Check out the science heading to ISS on next SpaceX Crew Dragon flight

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Later this month SpaceX will send another cargo Dragon spacecraft to the International Space Station (ISS) loaded with supplies and science experiments.

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In a video (below) released this week, NASA sheds some light on the type of research going into space.

bioprinting bandages

science gear A handheld bioprinter destined for the space station this month involves a patient’s own skin cells to create patches of tissue forming to cover the wound to speed up the healing process.

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The technology, if proven effective, could be used to quickly heal skin injuries in space, although it could also be used by patients on Earth.

cancer drug delivery

Pharmaceutical company Merck is continuing a protein crystal growth study that could result in a more affordable and convenient way of delivering cancer treatment drugs via injection at the doctor’s office rather than intravenously in a clinical setting.

Astronauts at risk of infection

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After exploring how spaceflight can increase the virulence of potentially harmful microbes that can lead to weakened human immune function, the research was conducted by examining astronauts’ blood and saliva samples before, during, and after a mission. Will evaluate changes in immune status between

The results could help scientists better assess the risk that infectious microbes can pose to space crews, and lead to the creation of effective countermeasures. “A better understanding of how stress can impair immune function could improve care for people with compromised immune systems on Earth,” NASA said.

space food

This research will profile and monitor plant growth in microgravity conditions. It aims to learn more about how plants sense and adapt to changes in their environment so that scientists can create better systems for growing plants in space. “Plants can serve as an important part of human life support systems for long-duration space flight and habitat for the Moon and Mars,” NASA said.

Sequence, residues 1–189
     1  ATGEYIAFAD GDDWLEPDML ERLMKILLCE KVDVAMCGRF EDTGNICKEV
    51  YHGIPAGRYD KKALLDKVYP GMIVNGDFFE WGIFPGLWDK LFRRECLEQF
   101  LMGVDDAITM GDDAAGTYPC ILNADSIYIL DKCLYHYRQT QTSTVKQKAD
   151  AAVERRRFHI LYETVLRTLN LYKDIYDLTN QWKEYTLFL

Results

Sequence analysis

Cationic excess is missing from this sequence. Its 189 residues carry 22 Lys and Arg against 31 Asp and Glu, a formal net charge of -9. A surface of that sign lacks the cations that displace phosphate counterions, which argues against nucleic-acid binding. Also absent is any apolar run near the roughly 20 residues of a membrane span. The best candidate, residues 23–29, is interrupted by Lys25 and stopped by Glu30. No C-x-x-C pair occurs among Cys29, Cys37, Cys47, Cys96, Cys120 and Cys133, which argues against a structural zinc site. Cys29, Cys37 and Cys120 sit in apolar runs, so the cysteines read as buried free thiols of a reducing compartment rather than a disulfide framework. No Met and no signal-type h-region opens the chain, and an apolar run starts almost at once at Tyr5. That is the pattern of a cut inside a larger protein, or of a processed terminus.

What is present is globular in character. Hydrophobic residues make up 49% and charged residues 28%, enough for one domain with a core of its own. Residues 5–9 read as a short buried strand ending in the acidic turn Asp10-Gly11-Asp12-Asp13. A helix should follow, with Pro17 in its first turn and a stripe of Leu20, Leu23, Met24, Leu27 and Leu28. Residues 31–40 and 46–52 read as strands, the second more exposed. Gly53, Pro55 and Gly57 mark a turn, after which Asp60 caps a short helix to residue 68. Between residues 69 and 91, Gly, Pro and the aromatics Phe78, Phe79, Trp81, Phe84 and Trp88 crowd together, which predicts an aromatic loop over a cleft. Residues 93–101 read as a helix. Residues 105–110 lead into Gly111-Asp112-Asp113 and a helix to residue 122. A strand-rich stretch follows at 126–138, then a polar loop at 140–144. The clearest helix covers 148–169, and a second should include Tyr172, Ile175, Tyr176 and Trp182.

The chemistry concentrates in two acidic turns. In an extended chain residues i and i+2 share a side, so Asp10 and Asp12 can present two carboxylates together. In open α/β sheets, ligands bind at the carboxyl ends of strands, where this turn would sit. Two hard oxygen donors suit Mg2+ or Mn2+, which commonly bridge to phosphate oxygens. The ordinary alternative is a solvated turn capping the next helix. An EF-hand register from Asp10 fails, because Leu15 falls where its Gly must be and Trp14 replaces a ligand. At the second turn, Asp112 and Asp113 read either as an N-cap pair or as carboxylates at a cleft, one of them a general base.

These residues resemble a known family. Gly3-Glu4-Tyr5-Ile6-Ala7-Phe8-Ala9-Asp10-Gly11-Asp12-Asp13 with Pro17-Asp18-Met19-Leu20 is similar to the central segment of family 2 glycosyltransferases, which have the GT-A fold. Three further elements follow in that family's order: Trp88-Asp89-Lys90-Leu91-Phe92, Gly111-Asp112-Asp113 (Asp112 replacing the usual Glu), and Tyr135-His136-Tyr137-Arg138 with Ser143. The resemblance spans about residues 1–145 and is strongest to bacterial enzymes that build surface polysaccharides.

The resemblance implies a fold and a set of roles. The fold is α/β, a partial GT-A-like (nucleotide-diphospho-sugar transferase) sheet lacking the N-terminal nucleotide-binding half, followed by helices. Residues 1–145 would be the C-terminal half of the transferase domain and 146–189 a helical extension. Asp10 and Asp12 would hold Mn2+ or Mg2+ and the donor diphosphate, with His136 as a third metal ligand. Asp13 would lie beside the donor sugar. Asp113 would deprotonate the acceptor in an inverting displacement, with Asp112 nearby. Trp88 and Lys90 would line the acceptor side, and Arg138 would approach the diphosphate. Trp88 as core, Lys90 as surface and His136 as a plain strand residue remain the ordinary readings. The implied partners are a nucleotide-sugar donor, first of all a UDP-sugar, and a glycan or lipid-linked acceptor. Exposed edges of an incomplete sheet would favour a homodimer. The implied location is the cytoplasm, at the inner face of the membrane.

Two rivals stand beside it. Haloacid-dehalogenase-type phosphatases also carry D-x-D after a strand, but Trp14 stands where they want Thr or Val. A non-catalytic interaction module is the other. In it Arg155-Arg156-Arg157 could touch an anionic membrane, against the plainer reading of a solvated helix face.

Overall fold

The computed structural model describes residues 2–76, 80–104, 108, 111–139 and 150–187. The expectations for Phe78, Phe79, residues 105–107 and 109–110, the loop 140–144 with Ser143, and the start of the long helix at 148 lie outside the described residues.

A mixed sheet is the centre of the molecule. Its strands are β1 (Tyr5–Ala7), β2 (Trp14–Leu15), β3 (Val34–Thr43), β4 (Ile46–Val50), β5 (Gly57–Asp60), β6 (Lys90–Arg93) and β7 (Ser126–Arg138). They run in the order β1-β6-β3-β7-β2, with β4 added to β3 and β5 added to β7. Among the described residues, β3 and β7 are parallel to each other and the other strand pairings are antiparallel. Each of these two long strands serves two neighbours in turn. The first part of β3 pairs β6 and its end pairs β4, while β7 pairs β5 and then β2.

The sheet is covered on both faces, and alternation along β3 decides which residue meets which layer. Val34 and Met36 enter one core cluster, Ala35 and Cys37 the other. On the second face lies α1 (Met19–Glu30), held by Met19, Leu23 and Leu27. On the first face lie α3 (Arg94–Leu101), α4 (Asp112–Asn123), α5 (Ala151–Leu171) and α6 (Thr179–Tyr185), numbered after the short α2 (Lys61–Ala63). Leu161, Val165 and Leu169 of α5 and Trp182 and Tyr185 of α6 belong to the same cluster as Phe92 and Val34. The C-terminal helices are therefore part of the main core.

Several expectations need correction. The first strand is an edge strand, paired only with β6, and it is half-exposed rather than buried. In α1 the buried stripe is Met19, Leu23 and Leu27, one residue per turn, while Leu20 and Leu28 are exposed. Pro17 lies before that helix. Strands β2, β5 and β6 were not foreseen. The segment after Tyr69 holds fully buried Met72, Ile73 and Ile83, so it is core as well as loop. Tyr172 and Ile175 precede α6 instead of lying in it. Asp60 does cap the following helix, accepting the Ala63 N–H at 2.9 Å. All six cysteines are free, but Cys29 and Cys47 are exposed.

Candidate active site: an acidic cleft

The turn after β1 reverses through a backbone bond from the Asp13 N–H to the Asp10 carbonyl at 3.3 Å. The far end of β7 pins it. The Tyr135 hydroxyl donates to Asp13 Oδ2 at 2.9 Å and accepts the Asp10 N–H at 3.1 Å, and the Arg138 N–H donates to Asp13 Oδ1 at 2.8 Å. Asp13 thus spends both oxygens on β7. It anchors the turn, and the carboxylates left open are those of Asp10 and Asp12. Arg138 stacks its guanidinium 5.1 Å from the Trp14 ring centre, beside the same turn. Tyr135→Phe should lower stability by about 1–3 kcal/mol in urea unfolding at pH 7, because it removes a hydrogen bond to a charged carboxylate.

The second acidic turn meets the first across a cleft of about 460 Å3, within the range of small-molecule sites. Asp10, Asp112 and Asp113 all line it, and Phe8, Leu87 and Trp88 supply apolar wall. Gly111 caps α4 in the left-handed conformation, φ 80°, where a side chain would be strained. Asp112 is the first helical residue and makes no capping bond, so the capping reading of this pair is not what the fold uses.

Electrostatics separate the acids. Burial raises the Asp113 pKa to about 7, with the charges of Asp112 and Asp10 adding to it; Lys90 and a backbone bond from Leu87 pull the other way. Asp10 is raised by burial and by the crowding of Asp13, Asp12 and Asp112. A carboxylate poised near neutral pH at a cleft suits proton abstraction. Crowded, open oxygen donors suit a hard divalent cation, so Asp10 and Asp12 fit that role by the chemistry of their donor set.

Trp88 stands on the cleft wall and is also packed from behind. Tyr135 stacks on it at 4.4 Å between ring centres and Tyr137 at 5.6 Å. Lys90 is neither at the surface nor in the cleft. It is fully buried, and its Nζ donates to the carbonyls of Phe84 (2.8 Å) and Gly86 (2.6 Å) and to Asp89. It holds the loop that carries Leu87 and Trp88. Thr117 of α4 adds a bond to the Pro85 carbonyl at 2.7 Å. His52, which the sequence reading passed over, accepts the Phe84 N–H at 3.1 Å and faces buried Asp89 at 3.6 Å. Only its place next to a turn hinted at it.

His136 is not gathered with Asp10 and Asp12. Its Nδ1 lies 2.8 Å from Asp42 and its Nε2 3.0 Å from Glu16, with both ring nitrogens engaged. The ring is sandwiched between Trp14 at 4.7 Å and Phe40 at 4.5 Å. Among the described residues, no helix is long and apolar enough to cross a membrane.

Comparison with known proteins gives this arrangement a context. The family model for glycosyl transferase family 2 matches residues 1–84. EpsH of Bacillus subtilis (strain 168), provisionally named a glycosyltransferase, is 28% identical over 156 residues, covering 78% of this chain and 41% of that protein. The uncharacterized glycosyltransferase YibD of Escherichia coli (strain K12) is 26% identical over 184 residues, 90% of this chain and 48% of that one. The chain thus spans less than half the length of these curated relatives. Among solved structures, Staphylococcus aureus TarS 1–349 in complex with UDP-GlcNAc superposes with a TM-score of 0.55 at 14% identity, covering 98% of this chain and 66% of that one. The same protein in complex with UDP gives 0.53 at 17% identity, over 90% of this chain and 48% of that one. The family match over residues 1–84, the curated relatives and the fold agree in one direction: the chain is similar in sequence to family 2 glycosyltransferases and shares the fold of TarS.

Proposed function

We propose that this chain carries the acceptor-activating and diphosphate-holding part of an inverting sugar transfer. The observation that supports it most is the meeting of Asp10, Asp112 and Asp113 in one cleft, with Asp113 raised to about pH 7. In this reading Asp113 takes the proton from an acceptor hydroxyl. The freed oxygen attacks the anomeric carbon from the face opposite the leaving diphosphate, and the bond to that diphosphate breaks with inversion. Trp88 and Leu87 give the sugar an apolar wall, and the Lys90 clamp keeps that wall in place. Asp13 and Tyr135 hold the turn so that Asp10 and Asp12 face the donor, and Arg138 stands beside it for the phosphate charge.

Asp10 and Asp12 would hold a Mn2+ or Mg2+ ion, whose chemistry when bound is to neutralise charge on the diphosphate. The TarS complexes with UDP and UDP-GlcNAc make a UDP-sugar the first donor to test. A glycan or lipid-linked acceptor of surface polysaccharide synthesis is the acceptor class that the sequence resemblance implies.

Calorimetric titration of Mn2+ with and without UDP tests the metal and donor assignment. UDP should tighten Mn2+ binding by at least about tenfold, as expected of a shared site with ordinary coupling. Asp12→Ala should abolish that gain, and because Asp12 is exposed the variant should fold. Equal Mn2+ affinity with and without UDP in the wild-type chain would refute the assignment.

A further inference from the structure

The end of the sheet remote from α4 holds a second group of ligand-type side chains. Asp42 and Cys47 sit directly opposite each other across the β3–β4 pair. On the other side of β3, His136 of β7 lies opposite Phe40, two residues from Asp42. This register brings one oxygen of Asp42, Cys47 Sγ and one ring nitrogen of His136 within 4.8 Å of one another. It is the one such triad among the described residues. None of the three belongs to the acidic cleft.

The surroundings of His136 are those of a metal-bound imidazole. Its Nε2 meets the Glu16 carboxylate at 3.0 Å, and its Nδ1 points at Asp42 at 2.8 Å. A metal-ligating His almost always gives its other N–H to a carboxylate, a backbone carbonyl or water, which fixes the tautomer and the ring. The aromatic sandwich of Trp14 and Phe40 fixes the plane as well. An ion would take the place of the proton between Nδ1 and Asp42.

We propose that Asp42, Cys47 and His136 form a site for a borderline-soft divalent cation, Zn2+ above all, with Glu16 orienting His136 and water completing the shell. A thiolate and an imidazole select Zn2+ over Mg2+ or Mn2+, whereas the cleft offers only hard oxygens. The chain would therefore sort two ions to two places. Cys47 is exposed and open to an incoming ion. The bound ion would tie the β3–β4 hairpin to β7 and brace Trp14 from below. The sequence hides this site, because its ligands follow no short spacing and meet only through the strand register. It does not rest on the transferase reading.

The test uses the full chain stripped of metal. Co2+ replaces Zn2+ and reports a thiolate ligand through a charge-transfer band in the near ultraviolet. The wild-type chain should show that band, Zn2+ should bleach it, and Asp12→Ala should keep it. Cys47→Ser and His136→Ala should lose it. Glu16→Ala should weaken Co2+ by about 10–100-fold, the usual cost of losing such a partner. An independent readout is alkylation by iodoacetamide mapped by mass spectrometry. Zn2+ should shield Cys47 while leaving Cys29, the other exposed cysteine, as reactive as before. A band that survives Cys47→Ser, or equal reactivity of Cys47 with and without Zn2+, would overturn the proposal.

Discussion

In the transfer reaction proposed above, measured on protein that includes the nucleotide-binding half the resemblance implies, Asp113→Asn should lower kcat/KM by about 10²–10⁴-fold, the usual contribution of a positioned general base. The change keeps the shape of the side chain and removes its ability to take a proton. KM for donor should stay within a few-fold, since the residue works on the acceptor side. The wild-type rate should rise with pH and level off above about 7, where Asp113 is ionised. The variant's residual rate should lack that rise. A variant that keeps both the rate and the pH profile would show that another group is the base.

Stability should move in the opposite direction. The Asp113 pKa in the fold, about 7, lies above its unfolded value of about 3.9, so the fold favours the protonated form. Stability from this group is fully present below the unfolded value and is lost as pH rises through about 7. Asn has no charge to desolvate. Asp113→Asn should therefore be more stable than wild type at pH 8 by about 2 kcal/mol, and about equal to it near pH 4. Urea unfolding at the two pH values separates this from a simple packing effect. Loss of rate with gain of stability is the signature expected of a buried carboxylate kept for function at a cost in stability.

For many years, astronauts aboard the ISS have been cultivating, harvesting and consuming a range of vegetables as part of experiments aimed at understanding and improving plant growth in space.

lunar laundromat

Procter & Gamble will test the effectiveness of Tide Infinity, which is described as a “fully degradable detergent specifically for use in space” so that astronauts on long-duration missions feel more comfortable in clean clothing. and avoid the shame of smelly socks. At the present time, clean clothes are sent on regular supply missions, but this will not be possible on long voyages.

“From a scientific point of view, the major challenges to off-planet laundering include strict requirements for compatibility with air purification systems, the limited amount of water available for each wash treatment, and the requirement that laundry water be returned to potable water. Water to be purified,” said Mark Civic, a research fellow at P&G.

Civic said that once Tide Infinity is proven in space, the technology behind it could be used to advance sustainable, low-resource-use laundry solutions on Earth.

parts in space

Crew members will test a manufacturing device that processes heat-resistant metal parts in micro-gravity conditions.

“Researchers expect more uniform microstructure and better mechanical properties in superalloy parts processed in microgravity than those processed on Earth,” NASA said. More advanced materials could improve turbine engine performance in industries including aerospace and power generation.

Students also have the opportunity to send science experiments to the ISS. NASA-funded experiments on the upcoming Cargo Dragon flight include one from Columbia University that will study antibiotic resistance in microgravity and another from the University of Idaho that will look at how microgravity affects bacteria-resistant materials.




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